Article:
4. What, if anything, would convince you that there is no God?
Eek! That’s like asking what could convince you that the sun isn’t hot. I’ve felt the warmth of the Son of God in my life; I haven’t simply learned about Him, I know Him. I couldn’t deny His existence anymore than I could deny my own; I’ve walked with Him. I think that’s where many atheists and agnostics find the disconnect; many have had a Christian experience—were raised in church, learned the facts and stories, saw the good and the bad, but didn’t meet Christ. Like memorizing the stats on the back of a baseball card, but never meeting the player, many know tons about the Bible, but have never met the Author. When you meet Him, you just can’t be convinced that He isn’t.
5. Why do you think there are atheists? What, in your opinion, is keeping them from God?
I love atheists! I really couldn’t generalize. The reason a person would turn to Atheism or Islam or Judaism is as different as each person is. However, when someone hears the gospel and rejects it there are usually far fewer reasons.
There are a lot of “front-end” reasons that seem to keep people from God: they felt disillusioned or burned by a church, they blame God for certain painful experiences, they wrestle with objections, they were raised in an unbelieving family, etc.
While those front-end reasons are all real, and there are many, many more—in John 3, Jesus said it all boils down to “men loved darkness rather than light.” Beneath surface reasons, at its core the reason the Bible says people reject Jesus is a love for the things God hates, a stiff-necked prideful attitude that only looks the way they want to see, a spiritual blindness that Satan himself places on the minds of unbelievers, and a rejection of the Holy Spirit who’s trying to attract them to Christ.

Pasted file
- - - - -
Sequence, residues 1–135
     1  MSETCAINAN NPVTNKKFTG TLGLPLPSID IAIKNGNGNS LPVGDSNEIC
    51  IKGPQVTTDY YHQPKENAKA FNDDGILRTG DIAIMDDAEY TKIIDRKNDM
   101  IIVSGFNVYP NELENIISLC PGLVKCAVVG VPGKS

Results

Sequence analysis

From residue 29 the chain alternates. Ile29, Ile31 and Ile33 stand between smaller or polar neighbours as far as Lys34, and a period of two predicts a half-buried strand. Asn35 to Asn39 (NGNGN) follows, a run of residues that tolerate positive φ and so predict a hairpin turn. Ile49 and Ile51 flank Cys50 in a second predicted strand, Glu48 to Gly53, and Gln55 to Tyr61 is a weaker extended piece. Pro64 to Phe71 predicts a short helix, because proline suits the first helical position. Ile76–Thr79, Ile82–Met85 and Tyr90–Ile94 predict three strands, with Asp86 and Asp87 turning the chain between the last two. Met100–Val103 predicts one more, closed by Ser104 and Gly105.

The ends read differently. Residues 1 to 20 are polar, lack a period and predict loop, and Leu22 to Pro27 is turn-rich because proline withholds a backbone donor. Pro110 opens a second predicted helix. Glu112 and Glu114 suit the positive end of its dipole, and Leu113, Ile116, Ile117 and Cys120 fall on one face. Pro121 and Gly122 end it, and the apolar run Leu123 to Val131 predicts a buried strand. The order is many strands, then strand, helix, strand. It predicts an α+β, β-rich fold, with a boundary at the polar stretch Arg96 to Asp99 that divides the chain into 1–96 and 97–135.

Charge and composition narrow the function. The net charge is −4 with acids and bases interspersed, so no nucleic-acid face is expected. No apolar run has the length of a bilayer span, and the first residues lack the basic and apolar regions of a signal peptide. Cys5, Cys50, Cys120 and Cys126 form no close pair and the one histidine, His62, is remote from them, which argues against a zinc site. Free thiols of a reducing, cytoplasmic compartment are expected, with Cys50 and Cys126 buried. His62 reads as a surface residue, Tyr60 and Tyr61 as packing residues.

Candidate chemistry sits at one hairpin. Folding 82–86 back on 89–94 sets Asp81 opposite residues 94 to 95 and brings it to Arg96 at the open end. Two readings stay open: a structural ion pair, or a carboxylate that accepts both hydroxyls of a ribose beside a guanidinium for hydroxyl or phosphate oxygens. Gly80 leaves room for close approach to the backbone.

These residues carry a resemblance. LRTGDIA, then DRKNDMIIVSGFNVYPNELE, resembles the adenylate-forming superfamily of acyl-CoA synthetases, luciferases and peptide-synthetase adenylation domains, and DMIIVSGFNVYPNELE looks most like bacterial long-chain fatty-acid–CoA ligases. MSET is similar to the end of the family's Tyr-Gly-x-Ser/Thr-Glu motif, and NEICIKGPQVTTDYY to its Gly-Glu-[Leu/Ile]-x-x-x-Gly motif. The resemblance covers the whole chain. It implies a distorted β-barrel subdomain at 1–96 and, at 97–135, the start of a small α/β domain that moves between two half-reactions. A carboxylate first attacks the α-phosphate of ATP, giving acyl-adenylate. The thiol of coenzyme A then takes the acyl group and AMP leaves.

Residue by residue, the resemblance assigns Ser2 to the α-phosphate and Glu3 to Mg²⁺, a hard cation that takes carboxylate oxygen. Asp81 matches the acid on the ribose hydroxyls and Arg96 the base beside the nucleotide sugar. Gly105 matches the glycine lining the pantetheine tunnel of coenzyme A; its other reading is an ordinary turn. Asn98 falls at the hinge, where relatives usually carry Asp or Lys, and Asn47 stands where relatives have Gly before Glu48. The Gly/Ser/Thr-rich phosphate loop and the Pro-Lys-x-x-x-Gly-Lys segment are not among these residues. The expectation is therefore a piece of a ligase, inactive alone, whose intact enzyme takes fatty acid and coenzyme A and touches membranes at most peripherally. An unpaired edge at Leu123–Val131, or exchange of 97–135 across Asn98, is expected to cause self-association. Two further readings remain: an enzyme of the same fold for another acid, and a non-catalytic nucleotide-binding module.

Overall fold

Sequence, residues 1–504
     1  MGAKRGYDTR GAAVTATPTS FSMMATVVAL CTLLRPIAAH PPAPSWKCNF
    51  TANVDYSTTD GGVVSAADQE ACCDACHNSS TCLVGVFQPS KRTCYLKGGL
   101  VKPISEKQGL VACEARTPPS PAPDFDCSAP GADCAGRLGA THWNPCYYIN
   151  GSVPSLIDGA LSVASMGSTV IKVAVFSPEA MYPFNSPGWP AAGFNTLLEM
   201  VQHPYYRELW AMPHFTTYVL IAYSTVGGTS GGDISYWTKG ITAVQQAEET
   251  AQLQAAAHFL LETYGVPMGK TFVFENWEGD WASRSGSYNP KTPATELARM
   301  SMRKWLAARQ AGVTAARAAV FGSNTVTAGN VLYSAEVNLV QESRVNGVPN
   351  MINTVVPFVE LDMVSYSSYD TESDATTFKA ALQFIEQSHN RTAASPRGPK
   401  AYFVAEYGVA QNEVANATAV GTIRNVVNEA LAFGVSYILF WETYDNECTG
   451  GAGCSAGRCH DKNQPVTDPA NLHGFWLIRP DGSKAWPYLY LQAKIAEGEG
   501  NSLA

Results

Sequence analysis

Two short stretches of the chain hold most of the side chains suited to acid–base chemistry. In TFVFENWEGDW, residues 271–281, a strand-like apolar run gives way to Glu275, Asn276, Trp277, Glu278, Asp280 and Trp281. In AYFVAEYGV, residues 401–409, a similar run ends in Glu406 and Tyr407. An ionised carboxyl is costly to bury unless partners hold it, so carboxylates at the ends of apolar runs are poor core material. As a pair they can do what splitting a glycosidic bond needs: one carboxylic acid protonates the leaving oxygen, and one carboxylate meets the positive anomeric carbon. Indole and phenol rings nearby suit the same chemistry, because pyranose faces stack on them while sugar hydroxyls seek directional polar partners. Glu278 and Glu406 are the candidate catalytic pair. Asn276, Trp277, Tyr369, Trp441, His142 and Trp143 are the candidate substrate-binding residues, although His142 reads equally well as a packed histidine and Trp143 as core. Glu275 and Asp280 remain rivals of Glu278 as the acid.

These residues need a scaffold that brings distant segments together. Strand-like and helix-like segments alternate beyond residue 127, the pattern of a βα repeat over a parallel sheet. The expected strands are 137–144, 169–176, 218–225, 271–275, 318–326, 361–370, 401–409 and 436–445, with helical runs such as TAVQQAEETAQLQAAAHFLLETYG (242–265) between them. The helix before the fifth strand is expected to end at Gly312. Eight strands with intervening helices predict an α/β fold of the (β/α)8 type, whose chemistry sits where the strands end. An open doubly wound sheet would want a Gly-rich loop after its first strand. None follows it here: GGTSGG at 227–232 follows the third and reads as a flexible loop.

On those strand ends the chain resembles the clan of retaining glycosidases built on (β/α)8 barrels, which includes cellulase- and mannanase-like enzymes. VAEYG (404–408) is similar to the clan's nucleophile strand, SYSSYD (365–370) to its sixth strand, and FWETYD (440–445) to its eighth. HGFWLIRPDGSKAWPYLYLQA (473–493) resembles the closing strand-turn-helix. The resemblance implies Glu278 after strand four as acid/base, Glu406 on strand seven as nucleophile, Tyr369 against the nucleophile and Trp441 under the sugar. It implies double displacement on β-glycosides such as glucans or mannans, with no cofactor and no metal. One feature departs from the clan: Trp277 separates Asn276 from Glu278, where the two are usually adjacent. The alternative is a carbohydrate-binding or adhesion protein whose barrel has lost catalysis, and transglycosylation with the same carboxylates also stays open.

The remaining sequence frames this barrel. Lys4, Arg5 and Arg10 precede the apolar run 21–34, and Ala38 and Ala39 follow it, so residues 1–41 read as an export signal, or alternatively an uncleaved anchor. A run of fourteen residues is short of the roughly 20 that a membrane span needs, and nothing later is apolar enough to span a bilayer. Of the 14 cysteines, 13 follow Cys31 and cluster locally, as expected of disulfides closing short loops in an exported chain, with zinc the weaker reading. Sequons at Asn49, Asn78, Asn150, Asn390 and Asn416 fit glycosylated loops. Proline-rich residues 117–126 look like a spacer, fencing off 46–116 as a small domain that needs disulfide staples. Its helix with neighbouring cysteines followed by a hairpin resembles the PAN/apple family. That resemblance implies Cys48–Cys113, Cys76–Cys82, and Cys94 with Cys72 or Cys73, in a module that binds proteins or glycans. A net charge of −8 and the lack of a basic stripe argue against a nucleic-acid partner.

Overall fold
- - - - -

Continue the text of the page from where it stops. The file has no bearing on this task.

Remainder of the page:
I really wish there were a perkier, friendlier way to say that. But I care far too much for you and your readers to dilute or sugarcoat truth.
It’s been said the reason most people can’t find God is the same reason a thief can’t find a cop; they won’t look. Intuitively we know everything made has a maker. We know cars don’t make themselves, if there is a car there is a car maker; if there is a cell phone there is a cell maker. If there is creation then there is a Creator. What would you think of a man who looked at the Mona Lisa and said he didn’t think anyone painted it because he couldn’t touch, taste, smell, hear, or see the painter? You’d think whether he realizes it or not he has obvious ulterior motives for denying the obvious. If there is a painting, there is a painter; the painting is all the evidence you need. The universe, even just the human eye that God has lent you to read this interview, is vastly more complex than any painting; God has made His existence crystal clear. When we deny the obvious and attribute it to a cosmic bang, we have to stop and reexamine our motives.